The article was originally published on The Tactical IP Blog

Streisand 101

January 5, 2010

by Jason Fischer

In an effort (I’m assuming) to be hip and relevant, my alma mater (and Randazza’s previous teaching gig) has begun adding courses to their curriculum that have little to do with the law or lawyering.  One example is a course called “Popular Culture and the Law,” to which the registrar has assigned the following course description:

This 2 hour seminar will examine social attitudes toward law, lawyers, and legal institutions through the viewing and examination of Hollywood films.  Film depictions of law students, juries, and judges will also be considered.  Each seminar session will focus in as much depth as possible on a particular film or films and a particular problem or aspect of law, law practice, ethics, or the image and status of the lawyer in American culture raised by the film(s).  The majority of the films will be viewed outside the classroom and will be considered as texts providing contemporary depictions of the subject matter to be examined in class.  In addition, readings will be assigned for each film and will form the basis for class discussion.  The films will be reserved in the library.  This will be a paper course which may be used to satisfy the Upper Level Writing Requirement.

legally_blondeMy understanding is that this course is just another excuse for chicks in law school to watch Legally Blonde (2001) for the 4,821st time.  What a great way to spend your tuition dollars at a professional school!

Normally, I’m not the one in this forum to bitch about the state of legal education.  Marco & Co. do it regularly enough that I don’t have to.  (See here, here, and here.)  On the whole, my law school experience was a good one.  I took as much advantage of our externship program as I could, and I went out of my way to take classes from adjunct professors who I knew actually practiced what they were preaching.  What I object to is courses that have students watch reruns of “L.A. Law” (1986), or other fictional portrayals, as a means for teaching about the practice of law.  Aren’t there other subjects that could be presented that have more merit?

Fuck_barbara_is_that_your_faceOne subject jumps quickly to my mind, and regular readers of this blog will recognize it immediately.  I would call it “Streisand 101,” taking its name from actress and singer, Barbara Streisand, who effectively demonstrated that simply filing a lawsuit can bring about the exact opposite result from what you hoped to achieve.  It would be a skills course, aimed at training young lawyers to talk their clients down from filing certain kinds of lawsuits — the kind that end up splashed all over blogs like this one, fueling negative publicity for the client.  The intent would be to teach how to 1) determine the unintended consequences of a particular cause of action; and 2) effectively communicate those consequences to the client, giving them the opportunity to back away before doing any real damage.  The primary pedagogical tools would be roll playing and reviewing news stories about past P.R. blunders.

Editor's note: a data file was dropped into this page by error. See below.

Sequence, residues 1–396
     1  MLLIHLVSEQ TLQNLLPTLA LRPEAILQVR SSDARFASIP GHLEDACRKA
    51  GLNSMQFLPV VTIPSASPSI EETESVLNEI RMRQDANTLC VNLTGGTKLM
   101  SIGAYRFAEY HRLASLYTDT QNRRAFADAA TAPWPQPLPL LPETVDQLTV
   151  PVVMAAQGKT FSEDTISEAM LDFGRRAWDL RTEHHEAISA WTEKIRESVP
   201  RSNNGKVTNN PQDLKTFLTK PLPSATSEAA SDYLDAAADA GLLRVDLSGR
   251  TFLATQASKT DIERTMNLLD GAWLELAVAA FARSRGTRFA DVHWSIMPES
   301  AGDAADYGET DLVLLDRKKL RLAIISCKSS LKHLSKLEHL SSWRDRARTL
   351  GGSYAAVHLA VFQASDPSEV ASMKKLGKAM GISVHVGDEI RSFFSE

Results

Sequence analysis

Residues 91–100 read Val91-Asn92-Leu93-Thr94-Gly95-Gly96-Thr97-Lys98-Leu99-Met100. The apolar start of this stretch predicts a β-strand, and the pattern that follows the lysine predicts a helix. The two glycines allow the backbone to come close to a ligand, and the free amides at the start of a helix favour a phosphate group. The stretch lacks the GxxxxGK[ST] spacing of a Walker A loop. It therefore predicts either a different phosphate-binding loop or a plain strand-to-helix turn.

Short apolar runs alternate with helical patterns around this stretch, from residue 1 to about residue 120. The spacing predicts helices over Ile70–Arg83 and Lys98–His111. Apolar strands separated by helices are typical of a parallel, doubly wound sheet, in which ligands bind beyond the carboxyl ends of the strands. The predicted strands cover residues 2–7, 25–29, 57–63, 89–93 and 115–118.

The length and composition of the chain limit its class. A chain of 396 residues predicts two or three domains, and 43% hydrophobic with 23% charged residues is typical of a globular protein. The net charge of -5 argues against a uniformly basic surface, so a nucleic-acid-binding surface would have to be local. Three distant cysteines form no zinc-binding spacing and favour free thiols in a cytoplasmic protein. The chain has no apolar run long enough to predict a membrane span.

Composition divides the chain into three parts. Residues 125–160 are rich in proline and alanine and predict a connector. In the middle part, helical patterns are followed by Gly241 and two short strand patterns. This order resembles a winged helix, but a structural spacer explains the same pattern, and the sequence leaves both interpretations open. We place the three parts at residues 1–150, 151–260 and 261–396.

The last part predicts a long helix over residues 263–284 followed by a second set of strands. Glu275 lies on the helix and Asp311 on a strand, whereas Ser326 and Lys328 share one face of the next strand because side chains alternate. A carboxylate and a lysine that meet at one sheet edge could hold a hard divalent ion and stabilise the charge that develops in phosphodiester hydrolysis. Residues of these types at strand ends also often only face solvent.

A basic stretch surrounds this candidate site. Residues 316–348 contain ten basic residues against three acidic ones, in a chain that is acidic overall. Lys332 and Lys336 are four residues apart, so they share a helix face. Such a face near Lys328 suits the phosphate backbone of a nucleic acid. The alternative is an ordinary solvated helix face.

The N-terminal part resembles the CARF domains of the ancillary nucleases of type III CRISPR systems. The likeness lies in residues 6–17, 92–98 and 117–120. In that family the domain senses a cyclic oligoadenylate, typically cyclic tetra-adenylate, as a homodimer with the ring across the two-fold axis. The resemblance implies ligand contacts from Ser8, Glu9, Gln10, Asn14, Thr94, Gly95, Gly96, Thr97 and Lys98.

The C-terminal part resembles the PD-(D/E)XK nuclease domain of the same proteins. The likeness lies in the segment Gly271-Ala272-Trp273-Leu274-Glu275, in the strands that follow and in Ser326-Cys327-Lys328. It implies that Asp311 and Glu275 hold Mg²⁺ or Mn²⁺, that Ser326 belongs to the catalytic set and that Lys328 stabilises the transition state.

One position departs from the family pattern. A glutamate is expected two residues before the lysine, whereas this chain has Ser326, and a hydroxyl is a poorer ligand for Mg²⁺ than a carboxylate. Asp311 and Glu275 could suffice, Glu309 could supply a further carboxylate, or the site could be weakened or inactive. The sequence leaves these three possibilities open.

Finding great teaching examples would be about as challenging as falling off of a log.  Just this week, outdoor clothing maker, The North Face (TNF), is in the news again, moving forward with their lawsuit against The South Butt (TSB).  (You can find my previous coverage of the case here.)  Before TNF filed their lawsuit, TSB had a whopping $5,000 in gross sales — after months of being in business.  Now, TSB’s selling that much every hour.  Their attorney claims that, with 14 new employees, TSB has created more jobs in its home state than the Obama’s $800 billion stimulus plan.  (Source.)

The only downside that I see to so educating the next crop of attorneys is that a huge source of entertainment will be snuffed out.  What will we read about for fun when Micheal Jordan’s attorney convinces him not to sue the people who congratulate him?